Racial injustice and police brutality are issues that affect every community, including Santa Barbara’s. A woman who once led the Santa Barbara High School cheerleading squad and graduated from Peabody Charter School was shot and killed by police in Oxnard in 2015. Meagan Hockaday’s murder was only one of the tragic stories told on Sunday, May 31, as Simone Akila Ruskamp and Krystle Farmer Sieghart from the Santa Barbara Chapter of Black Lives Matter led a protest against police brutality and racial injustice, drawing a crowd of more than 3,000 supporters to the Santa Barbara Courthouse Sunken Gardens. Speakers shared personal stories, statistics, and information as they tried to compel the Santa Barbara community to begin and continue to take action to address structural racism, including police brutality.
Unfortunately, leaders within Santa Barbara have not heeded the call to effectively address racial injustice in Santa Barbara and take a stand against police brutality. While Santa Barbara City Chief of Police Lori Luhnow and Mayor Cathy Murillo both issued statements in response to the murder of George Floyd and subsequent protests, neither of their statements committed to specific actions. Of particular concern is that neither statement was made in consultation with Black Lives Matter, Santa Barbara.
Mayor Cathy Murillo issued a statement that praised many institutions, including the Santa Barbara Police Department, the FBI, and the city library, without acknowledging the action taken by Santa Barbara Black Lives Matter. At the protest, while trying to interject and talk to the demonstration leaders in the middle of the event, our mayor chose not to exercise the deep listening that is being requested of all of us and instead chose to exercise her authority by demanding that she be listened to.
Chief of Police Lori Luhnow claimed in a statement that she is “proud of the officers of the Santa Barbara Police Department” and is “exposed every day to the high moral standards, respect, and empathy they demonstrate.” These values were not demonstrated on Sunday. Instead, peaceful, nonviolent protesters were halted by a barricade at the intersection of East Figueroa and Santa Barbara streets that stopped demonstrators from completing their intended route. They were met by more than a dozen officers in riot gear and bulletproof vests, a stark contrast to the assistance SBPD has provided for other demonstrations in Santa Barbara, where they offered police escorts and traffic control.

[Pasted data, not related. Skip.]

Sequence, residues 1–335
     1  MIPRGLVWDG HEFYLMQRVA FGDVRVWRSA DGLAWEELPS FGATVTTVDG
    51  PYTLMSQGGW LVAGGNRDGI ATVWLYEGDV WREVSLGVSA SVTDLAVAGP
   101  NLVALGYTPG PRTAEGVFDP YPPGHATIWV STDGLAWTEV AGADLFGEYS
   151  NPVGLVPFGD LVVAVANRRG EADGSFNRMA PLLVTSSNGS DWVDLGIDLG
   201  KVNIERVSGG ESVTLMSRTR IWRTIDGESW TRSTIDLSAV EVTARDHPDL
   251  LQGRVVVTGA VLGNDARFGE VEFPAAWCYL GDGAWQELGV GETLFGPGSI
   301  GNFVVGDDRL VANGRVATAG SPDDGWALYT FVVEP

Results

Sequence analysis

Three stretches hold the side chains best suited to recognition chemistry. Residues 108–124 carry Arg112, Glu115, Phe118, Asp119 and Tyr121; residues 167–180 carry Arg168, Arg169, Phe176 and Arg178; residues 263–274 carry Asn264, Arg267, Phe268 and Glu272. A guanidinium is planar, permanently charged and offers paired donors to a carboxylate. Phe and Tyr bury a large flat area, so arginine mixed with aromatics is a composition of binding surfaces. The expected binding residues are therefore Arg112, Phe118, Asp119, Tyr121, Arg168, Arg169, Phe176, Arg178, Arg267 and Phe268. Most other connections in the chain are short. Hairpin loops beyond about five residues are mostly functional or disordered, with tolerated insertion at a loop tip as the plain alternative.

When directly invited by the march organizers to take a knee for eight minutes and 46 seconds of silence — to acknowledge symbolically the amount of time that George Floyd suffered unto death, his neck knelt on by the man who brutally murdered him — they refused. Police officers around the country are kneeling in solidarity against police brutality. Why not Santa Barbara police officers?
As members of Showing Up for Racial Justice, we seek to support the Black Lives Matter Global Network and The Movement for Black Lives, and to amplify the demands of the Santa Barbara Black Lives Matter chapter. We implore our city leaders and our fellow citizens to move beyond hollow statements and commit to making the changes we need in this city to protect black lives. The demands from S.B. Black Lives Matter are the following:
• Santa Barbara City Council to adopt a resolution condemning police brutality and declare racism a public health emergency.
• S.B. Police Department to act with transparency and accountability: Too often, “community conversations” and internal investigations of misconduct occur without changes to policy and practices. A civilian review board should be created, with members selected by the community.
• S.B. County Sheriff to act with transparency and accountability: Update use of force policy to center on de-escalation; no isolation/quarantine for inmates attending court or contacting their lawyers. Reduce jail admissions; redirect people to community-based mental-health and substance-abuse treatment services.
• Protect and preserve black landmarks, rather than monuments to white supremacy, such as symbols of black unity and peace like St. Paul AME, Friendship Baptist Church, and Franklin Neighborhood Center.
• Institutional support for an annual Juneteenth celebration, city and county commitment of funds for an annual celebration of emancipation and liberation.
We invite all Santa Barbara community members to join us in working under the leadership of our community members of color to make our town a place that is inclusive and safe for everyone, especially those whose voices have been and continue to be erased and ignored.
Along with the author, Dylan Griffith, Jennifer Lemberger, Miya Barnett, Alexis Slutzky, Jennifer Hale, Jaymie Sawyer, Barbara Parmet, Kym Paszkeicz, Justina Buller, and Cressida Silvers are part of the leadership of Showing Up for Racial Justice, Santa Barbara, the local affiliate of the national SURJ organization, which is part of a multiracial movement for a racially just society.